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Hong Kong: A Hong Kong independent fixed income specialist has made quite an impact in shipping during the downturn.
“Our radar has a wide sweep and we try to pick up anything going through restructuring,” explains Soo Cheon Lee, the company’s co-founder.  These include companies like Nanjing Tanker, Nautilus, BLT, Zim, Torm, and Pan Ocean. SC Lowy is now one of the largest creditors in Pan Ocean.

“In any shipping restructuring deal, we’ll have our foot in somewhere,” says Lee. The company’s product range includes: purchase of claims against defaulted counterparties to provide liquidity and reduced legal risk, mezzanine financing to bridge liquidity gaps, finance capital maintenance or improvements to extend the life and profitability of vessels and providing finance to support fleet expansions.

With banks now only lending 50% to 60% of loan to value, down from a pre-Lehman average of 80%, there is a good opportunity for the likes of SC Lowy, which specialises in distressed debt financing.

“We’re unique in that we’re not a classic ship finance bank by any means, but we understand the industry,” Lee relates. Prior to SC Lowy, Lee headed up Deutsche Bank’s distressed assets group in Asia Pacific. Before that, he was a senior research analyst at Cargill.

“Major banks of course have a balance sheet,” he says, “but they are under severe regulatory restraints because of their past lending activities, a situation that affects their appetite for shipping risk. Shipping is only a small portion of their risk concerns, so therefore demands only so much of their attention.”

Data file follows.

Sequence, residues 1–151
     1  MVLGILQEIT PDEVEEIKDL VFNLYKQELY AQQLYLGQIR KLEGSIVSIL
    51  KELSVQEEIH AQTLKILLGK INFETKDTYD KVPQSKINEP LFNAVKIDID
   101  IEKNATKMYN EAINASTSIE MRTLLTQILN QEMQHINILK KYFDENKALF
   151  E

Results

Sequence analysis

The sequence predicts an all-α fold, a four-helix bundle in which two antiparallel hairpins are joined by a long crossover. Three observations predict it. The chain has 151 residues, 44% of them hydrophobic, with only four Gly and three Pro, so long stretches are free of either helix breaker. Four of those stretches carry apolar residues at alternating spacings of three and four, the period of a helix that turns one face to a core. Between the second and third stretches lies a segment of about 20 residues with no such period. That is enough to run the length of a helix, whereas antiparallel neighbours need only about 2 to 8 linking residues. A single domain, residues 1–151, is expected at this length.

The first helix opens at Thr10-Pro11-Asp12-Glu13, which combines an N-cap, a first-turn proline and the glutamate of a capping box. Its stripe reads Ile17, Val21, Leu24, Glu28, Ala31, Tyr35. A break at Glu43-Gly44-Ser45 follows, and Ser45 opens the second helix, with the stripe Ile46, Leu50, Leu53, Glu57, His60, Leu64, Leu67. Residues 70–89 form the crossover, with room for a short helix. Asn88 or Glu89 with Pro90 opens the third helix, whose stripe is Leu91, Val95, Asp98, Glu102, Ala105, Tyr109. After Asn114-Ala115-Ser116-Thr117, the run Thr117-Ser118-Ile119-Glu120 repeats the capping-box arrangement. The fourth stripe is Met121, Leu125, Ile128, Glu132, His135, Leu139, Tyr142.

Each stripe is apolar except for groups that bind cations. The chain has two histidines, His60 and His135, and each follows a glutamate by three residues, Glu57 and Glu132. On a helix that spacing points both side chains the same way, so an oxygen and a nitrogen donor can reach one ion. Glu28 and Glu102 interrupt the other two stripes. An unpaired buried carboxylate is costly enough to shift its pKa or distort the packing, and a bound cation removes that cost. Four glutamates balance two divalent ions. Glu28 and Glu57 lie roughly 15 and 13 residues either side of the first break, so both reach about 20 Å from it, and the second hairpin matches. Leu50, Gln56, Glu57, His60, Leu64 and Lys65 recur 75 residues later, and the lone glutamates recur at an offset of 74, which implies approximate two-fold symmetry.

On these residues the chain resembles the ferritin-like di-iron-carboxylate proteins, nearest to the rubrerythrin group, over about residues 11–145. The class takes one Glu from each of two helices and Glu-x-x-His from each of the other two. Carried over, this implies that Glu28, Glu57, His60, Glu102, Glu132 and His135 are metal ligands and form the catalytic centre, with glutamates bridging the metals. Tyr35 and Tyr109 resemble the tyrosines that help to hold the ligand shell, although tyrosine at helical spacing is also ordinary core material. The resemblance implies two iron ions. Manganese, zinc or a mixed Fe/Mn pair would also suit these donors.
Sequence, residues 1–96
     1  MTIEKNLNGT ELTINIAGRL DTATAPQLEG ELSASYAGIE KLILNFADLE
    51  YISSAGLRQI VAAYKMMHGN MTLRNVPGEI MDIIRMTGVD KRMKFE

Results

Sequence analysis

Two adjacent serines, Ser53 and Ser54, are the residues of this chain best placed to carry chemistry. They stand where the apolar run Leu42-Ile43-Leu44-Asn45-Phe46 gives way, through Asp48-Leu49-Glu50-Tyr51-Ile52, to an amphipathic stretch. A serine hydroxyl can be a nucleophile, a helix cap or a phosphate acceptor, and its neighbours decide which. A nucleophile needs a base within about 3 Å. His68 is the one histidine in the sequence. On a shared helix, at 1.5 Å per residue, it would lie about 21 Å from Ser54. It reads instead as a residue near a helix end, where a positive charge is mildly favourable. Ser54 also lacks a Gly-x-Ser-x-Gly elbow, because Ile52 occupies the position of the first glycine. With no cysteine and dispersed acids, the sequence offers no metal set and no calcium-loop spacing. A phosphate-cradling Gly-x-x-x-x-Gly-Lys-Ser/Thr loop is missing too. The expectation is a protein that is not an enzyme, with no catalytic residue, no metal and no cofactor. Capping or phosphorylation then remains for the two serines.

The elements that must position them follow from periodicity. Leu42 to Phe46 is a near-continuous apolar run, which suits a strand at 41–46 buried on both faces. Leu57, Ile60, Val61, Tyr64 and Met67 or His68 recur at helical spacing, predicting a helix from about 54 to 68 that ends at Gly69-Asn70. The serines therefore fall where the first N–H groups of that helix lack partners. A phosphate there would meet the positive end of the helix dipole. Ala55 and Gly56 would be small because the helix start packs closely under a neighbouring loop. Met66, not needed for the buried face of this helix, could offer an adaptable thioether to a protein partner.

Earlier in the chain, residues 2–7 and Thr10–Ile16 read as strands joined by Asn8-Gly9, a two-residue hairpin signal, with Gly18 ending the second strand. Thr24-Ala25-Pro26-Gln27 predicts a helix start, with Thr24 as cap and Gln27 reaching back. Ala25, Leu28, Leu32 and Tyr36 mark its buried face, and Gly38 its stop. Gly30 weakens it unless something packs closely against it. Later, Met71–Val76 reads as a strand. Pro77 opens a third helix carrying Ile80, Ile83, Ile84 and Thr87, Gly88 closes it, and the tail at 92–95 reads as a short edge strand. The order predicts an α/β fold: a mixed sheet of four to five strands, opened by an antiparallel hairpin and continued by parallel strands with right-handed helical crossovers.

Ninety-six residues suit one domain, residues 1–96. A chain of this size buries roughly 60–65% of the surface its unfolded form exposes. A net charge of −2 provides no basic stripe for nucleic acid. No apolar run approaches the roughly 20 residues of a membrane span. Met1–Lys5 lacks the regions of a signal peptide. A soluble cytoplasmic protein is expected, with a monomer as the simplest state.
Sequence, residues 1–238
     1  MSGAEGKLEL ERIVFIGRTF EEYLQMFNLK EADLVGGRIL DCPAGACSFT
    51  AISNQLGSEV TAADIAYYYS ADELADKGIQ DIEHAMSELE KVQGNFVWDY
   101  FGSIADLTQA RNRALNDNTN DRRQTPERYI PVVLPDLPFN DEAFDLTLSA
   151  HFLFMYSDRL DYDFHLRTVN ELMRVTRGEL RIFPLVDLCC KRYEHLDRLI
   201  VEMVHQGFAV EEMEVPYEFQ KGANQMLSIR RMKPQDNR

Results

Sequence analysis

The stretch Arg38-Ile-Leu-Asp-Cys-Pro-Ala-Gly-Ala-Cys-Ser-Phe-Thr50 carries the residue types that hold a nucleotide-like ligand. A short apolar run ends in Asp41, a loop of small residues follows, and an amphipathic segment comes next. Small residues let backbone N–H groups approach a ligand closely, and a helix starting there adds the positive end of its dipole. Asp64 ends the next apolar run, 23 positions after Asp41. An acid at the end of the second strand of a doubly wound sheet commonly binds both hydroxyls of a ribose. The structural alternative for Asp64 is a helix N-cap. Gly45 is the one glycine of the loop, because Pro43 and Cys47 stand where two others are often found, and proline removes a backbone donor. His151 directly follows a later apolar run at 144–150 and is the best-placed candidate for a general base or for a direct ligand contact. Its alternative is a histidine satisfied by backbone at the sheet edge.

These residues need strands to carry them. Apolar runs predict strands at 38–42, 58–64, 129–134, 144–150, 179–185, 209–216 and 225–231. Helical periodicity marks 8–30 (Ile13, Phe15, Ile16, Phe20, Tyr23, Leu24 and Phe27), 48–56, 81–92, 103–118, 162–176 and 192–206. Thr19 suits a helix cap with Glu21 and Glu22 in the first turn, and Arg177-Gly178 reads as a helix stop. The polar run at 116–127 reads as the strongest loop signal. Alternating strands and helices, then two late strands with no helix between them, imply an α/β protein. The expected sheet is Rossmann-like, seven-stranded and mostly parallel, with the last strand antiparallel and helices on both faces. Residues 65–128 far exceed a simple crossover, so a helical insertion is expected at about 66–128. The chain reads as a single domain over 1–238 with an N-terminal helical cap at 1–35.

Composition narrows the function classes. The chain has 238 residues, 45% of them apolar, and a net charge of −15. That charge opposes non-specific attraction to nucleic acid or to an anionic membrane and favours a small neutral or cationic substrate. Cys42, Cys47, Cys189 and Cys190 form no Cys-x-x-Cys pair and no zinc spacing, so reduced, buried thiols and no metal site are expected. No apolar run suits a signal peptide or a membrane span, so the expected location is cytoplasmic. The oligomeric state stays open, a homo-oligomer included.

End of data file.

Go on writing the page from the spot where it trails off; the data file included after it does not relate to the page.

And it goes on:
One possible avenue of expansion for SC Lowy is to get involved in a JV as support and co-investor with a company that is restructuring debt and altering their model. There are many shipping companies in this position today, Lee notes.

Shipping, Lee says, has never fully shaken off the impact of the global financial crisis. The problem is that now with private equity and hedge funds coming in so strong, capacity has built up once again threatening the future stability of rates in many ship classes, from capesize bulkers to containerships.

“The nuance here is that private equity is by definition a type of investor that requires an exit, often over a shorter time horizon than it takes for shipping cycles to turn,” Lee observes. How will these investors approach exits if the companies they have stakes in or control are in a sector are in loss-making businesses? That’s one question that will vex the market in the upcoming three to five years, and may well bring plenty of opportunities for SC Lowy. [27/11/14]

 

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